What Really Drives Medical Treatment Decisions?
by L. Wilmshurst; www.gsb.stanford.edu; 5/22/15


It may seem like an understandable choice: two equally effective medications, where one is 40 times the price of the opposite. Yet doctors’ treatment decisions differed significantly, with each defying expectations in a very surprising way.

As as it turns out, financial incentives is going to influence doctors to advise a more expensive medicine, and not around conventional wisdom might suggest, as outlined by new information from Stanford professor Kate Bundorf. The Stanford scholar learned that patients and hospital administrators both wield more influence during these decisions that particular may think.

A Tale of Two Treatments

Bundorf, in addition to Stanford professors Suzann Pershing, Steven Asch, and Laurence Baker, health economists Christine Pal Chee and Todd Wagner, and biostatistician Derek Boothroyd, studied treatment different amounts of Medicare patients with age-related macular degeneration, the top root cause of vision reduction in adults 50, from 2005 to 2011. Two treatments proved successful for preventing, or sometimes reversing, this condition: ranibizumab (marketed as Lucentis) and also the less-expensive bevacizumab (marketed as Avastin). Together, the drugs represent a dominant 98% share of the market.

Under the Medicare system, doctors are compensated on the fee-for-service model and receive additional payments comparable to 6% of medication costs. This bonus is significantly higher when in accordance with the $2,000 expense of Lucentis compared while using $50 expense of Avastin, this comes with a potentially strong incentive for doctors to encourage usage of Lucentis.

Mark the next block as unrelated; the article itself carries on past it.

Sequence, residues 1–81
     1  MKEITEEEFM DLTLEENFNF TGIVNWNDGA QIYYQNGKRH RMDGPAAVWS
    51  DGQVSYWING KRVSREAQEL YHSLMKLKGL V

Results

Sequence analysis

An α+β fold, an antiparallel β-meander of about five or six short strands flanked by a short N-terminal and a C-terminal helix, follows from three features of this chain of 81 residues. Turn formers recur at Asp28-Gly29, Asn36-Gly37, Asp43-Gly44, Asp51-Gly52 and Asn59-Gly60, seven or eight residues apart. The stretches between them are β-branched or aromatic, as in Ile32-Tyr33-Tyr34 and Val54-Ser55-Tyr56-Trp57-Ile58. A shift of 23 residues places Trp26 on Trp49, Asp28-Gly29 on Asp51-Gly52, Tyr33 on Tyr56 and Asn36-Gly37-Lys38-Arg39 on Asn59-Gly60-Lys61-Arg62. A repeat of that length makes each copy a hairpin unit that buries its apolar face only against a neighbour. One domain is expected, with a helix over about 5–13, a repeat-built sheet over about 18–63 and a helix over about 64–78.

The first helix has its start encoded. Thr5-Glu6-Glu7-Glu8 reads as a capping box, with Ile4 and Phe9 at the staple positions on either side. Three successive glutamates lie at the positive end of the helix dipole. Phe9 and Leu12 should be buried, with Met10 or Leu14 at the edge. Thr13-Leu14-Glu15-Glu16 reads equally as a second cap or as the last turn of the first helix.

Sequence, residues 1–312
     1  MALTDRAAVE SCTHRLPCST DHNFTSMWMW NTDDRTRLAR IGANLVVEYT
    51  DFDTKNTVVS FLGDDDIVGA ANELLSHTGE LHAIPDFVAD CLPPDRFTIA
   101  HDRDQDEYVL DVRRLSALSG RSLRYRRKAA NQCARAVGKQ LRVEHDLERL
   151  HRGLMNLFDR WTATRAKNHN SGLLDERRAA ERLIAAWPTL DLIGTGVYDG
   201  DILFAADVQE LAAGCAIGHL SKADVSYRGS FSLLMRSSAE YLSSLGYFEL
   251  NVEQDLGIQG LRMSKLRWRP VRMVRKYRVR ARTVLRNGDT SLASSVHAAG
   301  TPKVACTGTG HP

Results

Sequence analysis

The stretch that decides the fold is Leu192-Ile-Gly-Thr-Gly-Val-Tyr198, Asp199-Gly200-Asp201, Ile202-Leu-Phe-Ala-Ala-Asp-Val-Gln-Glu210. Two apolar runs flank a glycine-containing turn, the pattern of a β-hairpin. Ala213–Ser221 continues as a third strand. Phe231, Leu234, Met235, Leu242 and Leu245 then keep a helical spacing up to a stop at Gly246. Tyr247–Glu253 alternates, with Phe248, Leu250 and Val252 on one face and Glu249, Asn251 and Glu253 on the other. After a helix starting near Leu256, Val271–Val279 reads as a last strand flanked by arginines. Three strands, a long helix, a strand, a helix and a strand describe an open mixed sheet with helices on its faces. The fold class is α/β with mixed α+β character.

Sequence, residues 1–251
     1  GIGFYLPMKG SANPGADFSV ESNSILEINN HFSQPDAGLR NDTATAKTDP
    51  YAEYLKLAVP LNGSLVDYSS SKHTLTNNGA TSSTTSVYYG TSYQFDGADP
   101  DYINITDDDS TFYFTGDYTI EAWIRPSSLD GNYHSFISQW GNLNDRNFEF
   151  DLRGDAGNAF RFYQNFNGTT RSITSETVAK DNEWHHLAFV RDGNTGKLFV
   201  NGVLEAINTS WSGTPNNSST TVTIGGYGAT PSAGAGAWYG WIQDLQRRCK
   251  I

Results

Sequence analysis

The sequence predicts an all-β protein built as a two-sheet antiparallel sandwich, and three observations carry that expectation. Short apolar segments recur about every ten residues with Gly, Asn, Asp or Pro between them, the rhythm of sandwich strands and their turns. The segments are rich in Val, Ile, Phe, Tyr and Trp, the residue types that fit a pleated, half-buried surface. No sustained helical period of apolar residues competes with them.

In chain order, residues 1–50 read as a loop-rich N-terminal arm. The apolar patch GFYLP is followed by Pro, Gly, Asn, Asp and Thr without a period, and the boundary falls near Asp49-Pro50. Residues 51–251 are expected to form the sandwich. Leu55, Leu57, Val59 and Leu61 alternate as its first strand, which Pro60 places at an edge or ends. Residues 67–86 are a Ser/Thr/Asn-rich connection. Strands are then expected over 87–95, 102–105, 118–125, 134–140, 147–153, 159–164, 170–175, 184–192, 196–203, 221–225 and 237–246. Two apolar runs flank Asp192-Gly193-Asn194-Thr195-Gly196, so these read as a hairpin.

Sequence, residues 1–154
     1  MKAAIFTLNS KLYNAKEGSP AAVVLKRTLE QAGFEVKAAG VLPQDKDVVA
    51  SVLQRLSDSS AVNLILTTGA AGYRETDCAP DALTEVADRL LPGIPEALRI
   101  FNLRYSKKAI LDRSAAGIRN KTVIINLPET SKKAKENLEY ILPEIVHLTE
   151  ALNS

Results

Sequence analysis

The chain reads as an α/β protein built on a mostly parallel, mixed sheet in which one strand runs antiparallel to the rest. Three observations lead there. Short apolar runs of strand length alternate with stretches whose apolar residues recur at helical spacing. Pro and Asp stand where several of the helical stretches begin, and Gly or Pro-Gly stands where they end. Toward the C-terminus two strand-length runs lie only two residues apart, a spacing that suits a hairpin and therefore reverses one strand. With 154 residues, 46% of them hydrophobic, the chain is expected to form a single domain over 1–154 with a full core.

Despite this incentive, only one-third of Medicare patients were prescribed Lucentis, suggesting an alternative plus more complicated relationship than expected. “If it were all about physician incentives,” Bundorf says,“patients would really be taking Lucentis. So clearly there is certainly something else happening.”

While this finding cast doubt with a simple cause-and-effect relationship between physician payments and treatment decisions, it wasn't yet clear whether behavior was motivated by an alternative monetary influence, for example value-minded patients. To test this, Bundorf’s team sought to watch how doctors and patients act after taking money out from the equation.

Non-Monetary Influences

Profit seeking isn't necessarily bad inside the healthcare system — the secret is to generate incentives that align the gains of providers together with the interests of patients and taxpayers.

The team taken on the Department of Veterans Affairs, which offered an ideal possibility to study similar patients and treatment plans in the environment where decisions of patients and physicians were separate from financial influences. Subsidized costs for the government-run health system mean patients give the same amount no matter what prescription medication is prescribed. Doctor compensation is additionally fixed, without having additional incentives determined by medication choice.